Wisconsin had started the season ranked #21, but they were drilled at home by Colorado in their opener, 43-7, which dropped them from the rankings. They then traveled out to Stanford and forged a tie with the Cardinal, 24-24. They rebounded at home with a 42-0 drubbing of SMU and then they upset Penn State, 17-9, in the conference opener (the week before Ohio State played them). The win moved them back to #21 in the rankings, and they enjoyed a week off while Ohio State traveled to State College.

The visor adds to his swagger.Terry Glenn scores against Wisconsin.

Playing at home for the third game in a row, the Badgers (OSU's fifth ranked opponent in six games) were sure to be tough. Not only that, but they were eager to atone for a 24-3 stomping that the Buckeyes had given them in Columbus the previous season. Their defense held OSU in check early, and they drove the ball well on offense but stalled out and had to settle for 3 field goals to take a 9-7 halftime lead. Unfortunately for them, their luck ran out in the second half.

The 3rd quarter started badly for the Badgers, as Ohio State linebacker Ryan Miller intercepted a pass and returned it to the Badger 5-yard line. OSU scored a couple plays later on a 2-yard pass from Hoying to George and just like that they led, 13-9. Undaunted, Wisconsin took the ball down the field on their next possession and scored on a 14-yard run by tailback Carl McCullough to take a 16-13 lead. The two teams traded possessions and punts after that until the 4th quarter. For OSU, it was looking eerily similar to the 13-13 tie of 1993, but George and the running attack would make the difference this time.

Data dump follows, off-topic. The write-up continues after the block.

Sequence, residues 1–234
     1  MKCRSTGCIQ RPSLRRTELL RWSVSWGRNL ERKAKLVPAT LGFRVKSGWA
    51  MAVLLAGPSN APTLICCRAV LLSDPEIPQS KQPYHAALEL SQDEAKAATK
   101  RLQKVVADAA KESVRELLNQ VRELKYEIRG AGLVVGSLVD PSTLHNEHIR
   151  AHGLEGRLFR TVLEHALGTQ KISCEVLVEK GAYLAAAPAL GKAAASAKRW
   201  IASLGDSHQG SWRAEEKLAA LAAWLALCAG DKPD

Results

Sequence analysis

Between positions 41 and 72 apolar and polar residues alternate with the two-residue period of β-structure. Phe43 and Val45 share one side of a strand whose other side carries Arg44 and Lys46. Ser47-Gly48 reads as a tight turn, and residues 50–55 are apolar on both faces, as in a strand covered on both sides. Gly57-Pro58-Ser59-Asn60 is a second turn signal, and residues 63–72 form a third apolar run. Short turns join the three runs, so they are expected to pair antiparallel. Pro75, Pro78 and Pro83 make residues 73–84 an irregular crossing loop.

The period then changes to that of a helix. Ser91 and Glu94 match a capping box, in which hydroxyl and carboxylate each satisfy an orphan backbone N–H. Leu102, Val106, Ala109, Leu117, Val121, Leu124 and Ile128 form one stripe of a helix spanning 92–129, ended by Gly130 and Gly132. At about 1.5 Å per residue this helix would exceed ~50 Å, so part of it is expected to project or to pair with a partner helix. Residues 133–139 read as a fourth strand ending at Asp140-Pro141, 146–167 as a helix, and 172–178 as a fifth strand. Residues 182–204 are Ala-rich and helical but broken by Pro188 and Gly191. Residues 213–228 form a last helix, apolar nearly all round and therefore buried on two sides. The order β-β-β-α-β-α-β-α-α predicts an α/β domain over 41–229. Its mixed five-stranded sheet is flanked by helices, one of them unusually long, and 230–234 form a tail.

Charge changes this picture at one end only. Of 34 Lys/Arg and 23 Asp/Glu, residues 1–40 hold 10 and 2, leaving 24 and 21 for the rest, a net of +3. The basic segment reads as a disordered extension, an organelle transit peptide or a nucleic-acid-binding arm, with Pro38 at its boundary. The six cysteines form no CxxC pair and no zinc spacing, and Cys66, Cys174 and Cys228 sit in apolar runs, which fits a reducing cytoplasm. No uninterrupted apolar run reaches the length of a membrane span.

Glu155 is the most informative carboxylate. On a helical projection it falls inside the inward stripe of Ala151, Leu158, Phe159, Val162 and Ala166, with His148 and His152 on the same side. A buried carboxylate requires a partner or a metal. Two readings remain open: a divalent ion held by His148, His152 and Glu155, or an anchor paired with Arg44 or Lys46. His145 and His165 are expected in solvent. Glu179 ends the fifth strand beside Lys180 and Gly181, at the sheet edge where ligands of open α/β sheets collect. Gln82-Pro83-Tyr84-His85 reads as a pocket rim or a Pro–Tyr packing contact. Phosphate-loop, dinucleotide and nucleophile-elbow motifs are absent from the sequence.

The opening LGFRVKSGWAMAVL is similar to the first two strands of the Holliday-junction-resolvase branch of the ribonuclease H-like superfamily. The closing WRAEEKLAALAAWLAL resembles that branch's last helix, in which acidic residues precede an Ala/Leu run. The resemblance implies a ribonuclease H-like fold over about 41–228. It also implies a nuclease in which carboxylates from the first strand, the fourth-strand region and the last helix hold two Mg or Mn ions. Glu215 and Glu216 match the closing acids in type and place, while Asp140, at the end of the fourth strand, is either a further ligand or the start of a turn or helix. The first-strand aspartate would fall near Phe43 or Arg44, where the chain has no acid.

In the first three quarters, OSU's vaunted offense had hardly been stellar. They had fumbled the ball away twice and thrown an interception. They also shanked a punt 7 yards. The Badgers had bottled up the passing attack for the most part and George had yet to break a big run. But now it was crunch time, and OSU would go with their "bread and butter". Taking the ball in good field position, the Buckeyes drove 46 yards on 8 plays for the go-ahead touchdown, with George carrying for 35 yards on the last six plays including the 1-yard TD run.

After forcing a 3-and-out, OSU got the ball again in good field position at their own 46. George carried for 3 yards on first down, and then on second down he busted through the line and raced 51 yards for another touchdown to put Ohio State up 27-16. George had rushed for only 33 yards in the first half, but he finished with 141 yards and 3 TDs on the day. Wisconsin never recovered from those two drives and OSU held on for the win.

They would keep on winning for the rest of the season until losing on the road to Michigan in the finale. Another loss in the Citrus Bowl meant a sad end to a great season. But several Buckeyes would re-write the OSU record books and take home post-season hardware. Hoying would set a new school record for passing yards in a season with 3,269 and for touchdowns with 29. Glenn would set single-game and season school records for receiving yards with 253 (Pitt) and 1,411, respectively, on his way to winning the Fred Biletnikoff Award for best wide receiver in college football. 

Best of all, George would set new single-game and season rushing records with 314 (Illinois) and 1,927, respectively, on his way to winning the coveted Heisman Trophy award. George would be selected in the first round of the NFL draft (14th overall) by the Houston Oilers and go on to have a long and successful career with the Oilers/Titans franchise. Glenn would leave school early for the draft and was selected in the first round (7th overall) by the New England Patriots. Hoying would be selected in the 3rd round by the Philadelphia Eagles.